Unfortunately the structure was not radically changed with the billions in aid, with an increase in tensions and conflicts with aid flowing to a new class of “semi-elites.”
Especially since the earthquake, I have come to appreciate that we really need to be careful about using the word “NGO” – what does it really mean, in fact? Anthropologists like Lewis and Mosse and Aradhana Sharma have helped us understand that NGOs aren’t single entities; they are very complex “assemblages” of different individuals with distinct and sometimes overlapping interests and agendas.
I have interviewed many aid workers who know quite well the problems of dependency. Given the structure of aid being given they have a more difficult time imagining reorganizing the decisionmaking structures but a few are training Haitians in parts of their job. I would say that there is a profound unease but often a sense of fatalism on the part of the most self-reflexive aid workers. On the other end of the continuum are missionaries who are explicitly in the business of keeping their own niches and winning converts. Most are somewhere in the middle, believing in the humanitarian enterprise and their own role, with a worldview that supports “Western” intervention.
ER: Seminal works, such as Ferguson’s The Anti-Politics Machine, have studied the adverse effects of development interventions that approach politically charged situations from an “expert” perspective. This practice, Ferguson argues, makes the political dimension of development problems invisible to donors and undermines local political processes. In your article, you note that not only services which “were previously under the governments’ purview” become depoliticized, but also that this downsizing of Southern states is in NGOs’ best interests since it helps carve out a niche for their activities. The picture that emerges is less the one of unintended consequences that Ferguson paints and more one of a movement towards what you identify as nongovernmentality. Has development discourse, at least in Haiti, changed to embrace nongovernmentality, or is this shift unconscious?
MS: I’m just going through a mound of both quantitative and qualitative data from eight IDP camps and over 40 aid workers, so I can’t say too much here. I would say that, whether a “project” on the part of foreign aid agencies or the irresponsibility of the Haitian state, Haitian citizens’ aspirations have been privatized. They don’t envision a role for the government in their solution. And their views on NGOs and the UN (which includes a peacekeeping mission) are critical yet complex.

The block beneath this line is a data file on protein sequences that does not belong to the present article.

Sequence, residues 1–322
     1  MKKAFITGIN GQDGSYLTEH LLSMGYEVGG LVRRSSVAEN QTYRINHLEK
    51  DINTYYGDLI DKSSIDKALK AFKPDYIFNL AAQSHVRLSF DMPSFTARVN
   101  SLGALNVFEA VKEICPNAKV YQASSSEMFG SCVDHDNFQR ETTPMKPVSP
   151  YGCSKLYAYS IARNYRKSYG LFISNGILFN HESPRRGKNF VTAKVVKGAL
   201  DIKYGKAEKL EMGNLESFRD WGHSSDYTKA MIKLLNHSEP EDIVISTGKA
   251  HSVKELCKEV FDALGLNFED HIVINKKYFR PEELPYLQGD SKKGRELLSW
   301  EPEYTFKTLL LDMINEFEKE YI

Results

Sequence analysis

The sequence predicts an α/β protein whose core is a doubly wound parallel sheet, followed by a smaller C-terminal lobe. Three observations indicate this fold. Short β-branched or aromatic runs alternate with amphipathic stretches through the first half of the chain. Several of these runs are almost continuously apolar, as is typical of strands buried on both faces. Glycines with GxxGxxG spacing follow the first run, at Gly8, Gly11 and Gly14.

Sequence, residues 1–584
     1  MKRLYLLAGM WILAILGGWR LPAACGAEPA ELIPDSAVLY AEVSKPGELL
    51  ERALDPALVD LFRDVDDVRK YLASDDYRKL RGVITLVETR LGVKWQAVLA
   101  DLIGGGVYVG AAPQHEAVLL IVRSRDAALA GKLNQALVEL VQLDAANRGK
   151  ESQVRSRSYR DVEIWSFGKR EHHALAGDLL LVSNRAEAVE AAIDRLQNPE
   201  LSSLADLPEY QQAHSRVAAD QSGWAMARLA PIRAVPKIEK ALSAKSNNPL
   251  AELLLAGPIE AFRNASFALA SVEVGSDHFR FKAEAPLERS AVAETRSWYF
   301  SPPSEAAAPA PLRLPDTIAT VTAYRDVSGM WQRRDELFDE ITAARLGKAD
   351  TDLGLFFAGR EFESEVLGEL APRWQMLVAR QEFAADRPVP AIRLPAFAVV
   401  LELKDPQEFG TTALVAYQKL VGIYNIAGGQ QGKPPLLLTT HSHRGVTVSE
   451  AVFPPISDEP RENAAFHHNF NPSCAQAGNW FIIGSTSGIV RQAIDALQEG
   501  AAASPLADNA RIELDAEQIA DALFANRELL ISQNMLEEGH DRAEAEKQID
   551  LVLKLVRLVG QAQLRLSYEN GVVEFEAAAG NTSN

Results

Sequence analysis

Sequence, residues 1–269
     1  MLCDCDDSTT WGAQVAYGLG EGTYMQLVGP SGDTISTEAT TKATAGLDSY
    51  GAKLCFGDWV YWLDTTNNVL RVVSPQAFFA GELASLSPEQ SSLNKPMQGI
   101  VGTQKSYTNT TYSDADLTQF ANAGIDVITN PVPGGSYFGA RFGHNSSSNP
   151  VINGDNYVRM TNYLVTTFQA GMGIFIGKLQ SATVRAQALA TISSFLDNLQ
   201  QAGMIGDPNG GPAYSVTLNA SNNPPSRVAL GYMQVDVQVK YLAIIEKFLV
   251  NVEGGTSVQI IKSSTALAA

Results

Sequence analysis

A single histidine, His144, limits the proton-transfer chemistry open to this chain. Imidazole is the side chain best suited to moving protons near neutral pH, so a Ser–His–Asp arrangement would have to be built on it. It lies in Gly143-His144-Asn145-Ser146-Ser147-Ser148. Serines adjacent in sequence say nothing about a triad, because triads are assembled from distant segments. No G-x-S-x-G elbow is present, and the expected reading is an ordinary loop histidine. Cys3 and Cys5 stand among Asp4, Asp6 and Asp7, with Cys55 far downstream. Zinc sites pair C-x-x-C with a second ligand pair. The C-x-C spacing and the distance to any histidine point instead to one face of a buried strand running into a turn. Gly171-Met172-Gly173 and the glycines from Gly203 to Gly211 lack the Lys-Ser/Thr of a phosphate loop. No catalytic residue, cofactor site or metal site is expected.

Haiti’s earthquake was supposed to be an opportunity to “build back better”, but unfortunately donor praxis has not shifted much: 1 percent of emergency aid went to the government, and .02 percent of contracts for US reconstruction aid went to Haitian firms.
I would say that for some people highly placed within USAID this shift is most certainly conscious. For most I would guess that it is a sense of realpolitik and a concern with “results” that has shifted the contours of people’s thinking about NGOs and their appropriate role, so maybe this is “semi-conscious”?
ER: Finally, I was interested in your use of world systems theory when you describe the creation of a previously inexistent middle class and the implications of this for the implementation of neoliberal capitalism. I was particularly persuaded by your assertion that ‘[i]ntermediaries, uncertain of their position within the system, hold the key to change. When this middle class identifies with ‘the people’ change is possible.” Is this change possible without the fundamental reimagining of donor priorities, or must “semi-elites” disentangle themselves from agents of neoliberal capitalism for true change to be achievable?
MS: Excellent question. This would be the subject of a productive discussion within and across social movements from South to North. My own sense is that a reparations framework needs to replace the current framework and priorities of national-interest bound clientelism. But this framework won’t change if Southern NGO professionals and their Northern allies don’t push for it. Could the former push for radical structural change while accepting aid conditioned by neoliberal conditionalities and bilateral national interest? Some say they can.
Audre Lorde has an answer: you can’t dismantle the master’s house using the master’s tools.
Ramírez, Eduardo, and Akhila Gupta. Reflections on the Anthropology of NGOs and Haiti. Interview. PoLAR: Political and Legal Anthropology Review Online, 1 May 2012, https://polarjournal.org/2012/05/01/interview-with-mark-schuller